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A Conspiracy of Lies by Frank Connolly
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A Conspiracy of Lies

A Political Thriller - The Dublin Bombings, 1974.

$37.79

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Narrator Stephen Rea

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Length 8 hours 58 minutes
Language English
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'A propulsive and gripping political thriller hewn from one of The Trouble's darkest days, Connolly skilfully blends fact and fiction to arrive at something that feels blazingly true. A blistering read.' —Noel O'Regan
'An essential and disturbing novel that describes the bombing of Dublin 50 years ago with insights into the ensuing cover-up'
—Christy Moore 
'This is a vivid and absorbing fictional account of one of the darkest days ever visited on Ireland's capital city' —Justine McCarthy 
'A tender love story of two young Dubliners trying to survive the danger of the terrible political truths they uncover' —Theo Dorgan
 
Three bombs shook Dublin in May 1974.
Angie and Joe meet in the wake of the single worst atrocity of the Troubles. Brought together by the effect of the bombings on their lives, these two young people set out to discover who is responsible, facing confrontation with dark forces in Irish and British society. As Angie and Joe navigate the aftermath of the bombings, their journey leads them deep into the underbelly of 1970s Dublin, a time and place rife with cultural and political turmoil. Together, they vow to uncover the culprits behind the city's worst atrocity. Their investigation draws them into the shocking political and criminal landscape surrounding those in high places with the blood of innocents on their hands. The more they discover, the deeper they become involved in a world they don't understand—and the consequences could be devastating.

Frank Connolly is a distinguished investigative journalist whose work on political and police corruption contributed to the establishment of two judicial inquiries, the Flood/Mahon and the Morris Tribunals. He is currently Head of Communications with SIPTU, Ireland’s largest trade union.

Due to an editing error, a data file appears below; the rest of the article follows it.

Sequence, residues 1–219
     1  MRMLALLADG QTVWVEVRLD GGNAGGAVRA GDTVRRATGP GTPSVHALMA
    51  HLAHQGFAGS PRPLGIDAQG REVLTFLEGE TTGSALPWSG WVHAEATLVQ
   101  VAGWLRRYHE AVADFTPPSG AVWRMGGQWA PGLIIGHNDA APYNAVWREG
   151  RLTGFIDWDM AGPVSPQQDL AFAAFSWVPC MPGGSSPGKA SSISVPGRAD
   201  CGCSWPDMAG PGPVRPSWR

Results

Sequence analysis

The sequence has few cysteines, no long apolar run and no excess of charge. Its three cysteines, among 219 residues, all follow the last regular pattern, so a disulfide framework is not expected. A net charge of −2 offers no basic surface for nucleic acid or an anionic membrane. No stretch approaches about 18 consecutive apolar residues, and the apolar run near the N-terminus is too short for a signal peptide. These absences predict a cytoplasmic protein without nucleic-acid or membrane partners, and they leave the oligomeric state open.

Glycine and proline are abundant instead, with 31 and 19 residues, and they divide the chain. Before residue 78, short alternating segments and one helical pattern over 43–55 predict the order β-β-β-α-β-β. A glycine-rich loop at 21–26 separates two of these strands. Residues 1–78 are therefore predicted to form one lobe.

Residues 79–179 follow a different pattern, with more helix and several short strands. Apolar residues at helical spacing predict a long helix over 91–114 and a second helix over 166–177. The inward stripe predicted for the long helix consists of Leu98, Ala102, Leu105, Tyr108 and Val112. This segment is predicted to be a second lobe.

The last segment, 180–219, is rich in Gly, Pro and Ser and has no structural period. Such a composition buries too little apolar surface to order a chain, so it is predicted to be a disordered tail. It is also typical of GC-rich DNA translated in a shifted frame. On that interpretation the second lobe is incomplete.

Stephen Rea is one of Ireland’s leading stage and screen actors who has won two BAFTA and three Irish Film and Television (IFTA) awards and is an Academy, Golden Globe, and Tony awards nominee. Rea was nominated for an Oscar for his performance in Neil Jordan’s thriller The Crying Game (1992). His extensive theatre work has included highly praised performances at the Abbey, Gate, Project and other theatres in Dublin and the Royal Court Theatre in London. He is a co-founder of the Field Day Theatre Company.

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Reviews

A Conspiracy Of Lies offers romance against a background of bombings. Both Joe and Angie are scarred by the events, and Angie's mother is virtually blinded by one bomb. Joe narrowly misses being blown up by another. Both eventually get jobs in a Dublin restaurant where they chance upon information which points to the identity of the bombers and their accomplices. Their efforts to pursue the matter bring them into conflict with various institutions. In a vividly realized scene, Joe is beaten up by the police. The villain is a corrupt cabinet minister who has taken a bribe from an oil company and is in cahoots with British intelligence agents, who are complicit in the bombings. Angie is arrested and charged with a serious offence. Facing a long prison sentence, she is spirited out of court by her supporters, ultimately reunited with Joe on the continent where the story ends. A Shakespearean comedy ends with a wedding, signalling the renewal of society. The wedding of Joe and Angie is not meant to signal the renewal of Irish society, however, which is portrayed as corrupt, incompetent, divided, treacherous, dishonest, cowardly and incapable of dealing with a crisis like the Dublin and Monaghan bombings. Instead it signals the survival of Joe and Angie, radicals who might be able to come up with a response. Frank Connolly's book is a carefully crafted, brave and challenging work which I think will feature on Irish Studies courses for some time to come. Expand reviews
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